5 Things We Learned From Sturgill Simpson's Chris Shiflett Podcast - Rolling Stone
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5 Things We Learned From Sturgill Simpson’s Interview With Foos Guitarist

From drugs in the Navy to all those comparisons to Waylon, the singer opens up on Chris Shiflett’s ‘Walking the Floor’

Sturgill SimpsonSturgill Simpson

Sturgill Simpson appeared on an episode of Foo Fighters' Chris Shiflett's podcast.

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With the Foo Fighters winding their summer-long tour to a close, lead guitarist Chris Shiflett is shifting some of his focus back to his Walking the Floor podcast. Now at its 28th episode, the series finds Shiflett talking shop with songwriters, sidemen and storytellers. It’s a conversation between artists, essentially, with Shiflett — who joined the Foo Fighters in 1999, adding another bullet point to a resume that also includes a country-influenced solo project, Chris Shiflett and the Dead Peasants, as well as a 20-year run with the punk-rock cover band Me First and the Gimme Gimmes — asking questions that go beyond the standard Q&A fare. 

In the newest installment of Walking the Floor, he sits down with Sturgill Simpson, the reluctant poster boy for country music’s left-of-center contingent. Simpson, who conducts the interview while changing his guitar strings before a show, talks frankly (and, sometimes, fiercely) about his time in the Navy, his career shift during his late twenties and, during some of the interview’s best moments, his real thoughts about all those Waylon Jennings comparisons. 

Here are a few things we took away from the pair’s 40-minute conversation, which is well worth a listen in its entirety.  

1. Simpson was discovered on YouTube. . .sort of. When Shooter Jennings — who would later give Simpson his first big break by introducing his music to producer Dave Cobb — first stumbled across the Metamodern Sounds in Country Music singer, it was on the Internet, where he found a clip of Simpson performing live. Later, while attending a Nashville concert with Cobb, Jennings spotted Simpson in the audience and pointed him out. Cobb took things from there. “I’m thankful for the rest of my life,” Simpson says. “I didn’t even know [Shooter]. My manager got an email from Dave that night, at three in the morning, saying, ‘I wanna make a record with Sturgill.'”

2. Long before he hit the highway with his country band, Simpson lived the outlaw lifestyle as part of the U.S. Navy. He signed up during high school, left town several days after graduation and spent a handful of years in various ports across the world. It was a stressful job, and Simpson — who struggled with his own drug problems as a teenager — says many seamen found illegal ways to cope. “There’s a lot of drugs taking place on warships,” he tells Shiflett. “You wouldn’t believe how many guys are watching radars and tripping on acid.”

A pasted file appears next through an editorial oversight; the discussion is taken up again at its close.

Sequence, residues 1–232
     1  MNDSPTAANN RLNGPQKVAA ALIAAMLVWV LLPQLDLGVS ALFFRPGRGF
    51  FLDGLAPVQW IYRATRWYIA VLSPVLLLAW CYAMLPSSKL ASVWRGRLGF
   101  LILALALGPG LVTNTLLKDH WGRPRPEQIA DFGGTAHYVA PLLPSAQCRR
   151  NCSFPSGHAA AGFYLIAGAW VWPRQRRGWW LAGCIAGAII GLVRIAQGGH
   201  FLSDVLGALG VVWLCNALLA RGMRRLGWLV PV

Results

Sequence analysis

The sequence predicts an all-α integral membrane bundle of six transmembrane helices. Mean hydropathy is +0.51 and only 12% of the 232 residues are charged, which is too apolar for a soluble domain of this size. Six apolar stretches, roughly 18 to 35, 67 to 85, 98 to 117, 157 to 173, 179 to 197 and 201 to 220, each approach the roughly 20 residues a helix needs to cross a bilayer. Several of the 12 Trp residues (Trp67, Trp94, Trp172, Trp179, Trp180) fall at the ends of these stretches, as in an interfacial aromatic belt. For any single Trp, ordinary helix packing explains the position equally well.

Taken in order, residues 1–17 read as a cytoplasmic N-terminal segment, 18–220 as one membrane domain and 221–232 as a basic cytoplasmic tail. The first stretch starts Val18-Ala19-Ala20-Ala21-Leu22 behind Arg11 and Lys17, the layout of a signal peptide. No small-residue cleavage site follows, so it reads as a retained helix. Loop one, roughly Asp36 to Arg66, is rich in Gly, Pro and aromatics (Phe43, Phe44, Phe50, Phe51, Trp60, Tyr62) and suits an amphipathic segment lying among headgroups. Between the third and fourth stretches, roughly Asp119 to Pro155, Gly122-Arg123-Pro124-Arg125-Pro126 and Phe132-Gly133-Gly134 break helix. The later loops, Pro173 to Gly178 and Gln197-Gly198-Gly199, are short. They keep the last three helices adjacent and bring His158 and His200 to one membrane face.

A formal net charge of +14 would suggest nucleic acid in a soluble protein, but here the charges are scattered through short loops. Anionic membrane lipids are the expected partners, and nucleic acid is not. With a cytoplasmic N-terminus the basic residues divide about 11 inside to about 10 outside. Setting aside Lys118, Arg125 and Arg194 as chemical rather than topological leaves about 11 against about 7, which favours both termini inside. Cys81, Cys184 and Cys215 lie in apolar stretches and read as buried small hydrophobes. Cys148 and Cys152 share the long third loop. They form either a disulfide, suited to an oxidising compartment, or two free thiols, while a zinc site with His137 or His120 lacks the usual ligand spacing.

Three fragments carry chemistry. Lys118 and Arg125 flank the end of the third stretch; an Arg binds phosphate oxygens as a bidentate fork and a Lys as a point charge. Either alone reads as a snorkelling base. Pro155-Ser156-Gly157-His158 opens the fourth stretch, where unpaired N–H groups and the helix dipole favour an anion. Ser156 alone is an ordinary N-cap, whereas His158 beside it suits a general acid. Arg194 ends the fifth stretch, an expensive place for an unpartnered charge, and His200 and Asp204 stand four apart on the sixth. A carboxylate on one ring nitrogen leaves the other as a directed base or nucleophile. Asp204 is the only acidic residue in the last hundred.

3. The guy is a family man. With a newborn son at home and a wife who can rarely join the band on the road, Simpson — who’s toured consistently since Metamodern‘s release, playing more than two dozen festivals and late-night TV programs along the way — has been longing for some serious downtime in Nashville. “I feel like all this is happening, [and] the only place I wanna be is at home,” he admits. 

4. He appreciates the fact that people compare him to Waylon Jennings. . . but Jennings isn’t a very big influence on his sound. “Maybe it’s an attitude thing more than a music thing,” he says. “Waylon really is a guy I probably discovered later on and listened to the least. Willie Nelson, Marty Robbins, Merle Haggard and Keith Whitley — guys like that were huge influences. I love Waylon; I like the funky disco kind of feel, and I incorporate a little bit of that in my music. But when I’m in singing. . . Man, if I’m imitating anybody, I’m trying to sound like three or four other people.”

5. Actually, he wouldn’t mind if people stopped likening him to Waylon. “You know what I honestly believe?” he asks during the interview’s final stretch. “I think it’s psychosomatic. I think people really want somebody right now to sound like Waylon Jennings. They want somebody to walk out on stage with a big, giant flag that says, ‘Fuck You.’ Believe me, it is frustrating, because it makes me feel like I haven’t done a very good job of really getting my [own] voice down. It’s like, ‘Am I not very original in my approach?’ But. . .there’s a hell of a lot worse things you can be told than, ‘Hey man, you sound like Waylon Jennings.’ I’ll take it a compliment, even when I’m burnt the fuck out hearing it.”

In This Article: Foo Fighters, Sturgill Simpson


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